Mari-Liis Sepp, the Head of the Loan Department at Holm Bank, sheds light on the disparities between a car loan and car leasing, and advises on their respective advantages. When contemplating the purchase of a vehicle, the majority of individuals refrain from making the full payment upfront and instead turn to bank-provided financing options like leasing or a loan.
In order to secure financing, applicants must submit an application to the bank, which will carefully evaluate and gauge their creditworthiness. In essence, the bank's objective is to ascertain whether the repayment terms are within the means of the individual. This practice exemplifies the duty of every responsible lender. If the bank is satisfied that the applicant can comfortably meet the repayment obligations, a positive response will be granted. The applicant can then select a suitable payment schedule and proceed to sign the loan agreement.
This is the point where a notable distinction between leasing and a loan becomes apparent. In the case of car leasing, the bank retains ownership of the vehicle while the individual assumes the role of the user. Consequently, leasing entails the obligation to possess comprehensive insurance coverage for the car. The bank, as the owner, seeks to ensure that the vehicle can be repaired in the event of an accident. On the other hand, if someone opts for a car loan, they become the rightful owner of the vehicle rather than the bank.
In both instances, repayments need to be made to the bank according to the chosen payment schedule, which can span up to 10 years. However, the decision of whether to include comprehensive insurance, in addition to mandatory insurance, is left to the individual when opting for a car loan. Nonetheless, it is prudent to mitigate risks and consider obtaining comprehensive insurance as well.
The continuous upward trend of Euribor has been a significant topic of discussion in the financial realm for some time now. Indeed, Euribor should also be taken into account when contemplating the purchase of a car. Car loans generally fall under the category of personal loans, which are typically not tied to Euribor. This implies that the agreed-upon payment schedule at the time of the contract remains valid until the end of the contractual period, and fluctuations in Euribor do not impact the monthly payments. However, car leasing is typically linked to Euribor, and one should be prepared for the possibility that the payment amount due may differ every six months. Given the current upward trajectory of Euribor, it is crucial to calculate lease payments based on a hypothetically higher Euribor to ensure that the variable payments do not become financially burdensome over time.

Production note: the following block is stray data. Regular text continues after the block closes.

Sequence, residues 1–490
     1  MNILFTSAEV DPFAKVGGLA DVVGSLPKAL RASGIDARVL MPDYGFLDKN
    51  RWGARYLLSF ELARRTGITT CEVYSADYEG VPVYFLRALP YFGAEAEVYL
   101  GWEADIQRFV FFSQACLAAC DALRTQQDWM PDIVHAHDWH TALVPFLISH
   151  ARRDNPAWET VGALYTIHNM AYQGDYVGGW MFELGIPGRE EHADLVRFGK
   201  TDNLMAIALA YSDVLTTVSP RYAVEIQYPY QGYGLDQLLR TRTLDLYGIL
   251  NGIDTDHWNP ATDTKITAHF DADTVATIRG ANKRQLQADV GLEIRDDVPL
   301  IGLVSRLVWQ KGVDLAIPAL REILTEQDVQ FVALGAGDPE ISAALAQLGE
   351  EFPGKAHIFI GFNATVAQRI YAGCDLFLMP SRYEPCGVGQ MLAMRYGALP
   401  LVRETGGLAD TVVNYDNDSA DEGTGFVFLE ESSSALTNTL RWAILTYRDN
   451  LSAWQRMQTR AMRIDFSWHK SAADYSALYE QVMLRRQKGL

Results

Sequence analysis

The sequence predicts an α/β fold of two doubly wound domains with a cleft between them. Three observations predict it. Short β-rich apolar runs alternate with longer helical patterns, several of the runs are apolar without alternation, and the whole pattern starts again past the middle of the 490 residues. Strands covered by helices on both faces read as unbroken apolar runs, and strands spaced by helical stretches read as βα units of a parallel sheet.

So, when should one prefer leasing over a car loan, and vice versa? Lease agreements typically start from €10,000 and can extend to a significantly higher amount, enabling the acquisition of a more expensive vehicle. On the other hand, car loans usually range up to €25,000, which is suitable for purchasing a more affordable new or used car. With a car loan, there is no requirement for a down payment or a valuation report, which may be necessary for leasing, depending on the seller. As mentioned earlier, lease payments are influenced by Euribor, while car loan payments remain fixed throughout the entire contract duration. The decision should be carefully evaluated by each individual, taking into account their specific circumstances. Both car leasing and car loans can assist in financing your car purchase. However, it is crucial to remember that both options are credit products that carry both opportunities and obligations.
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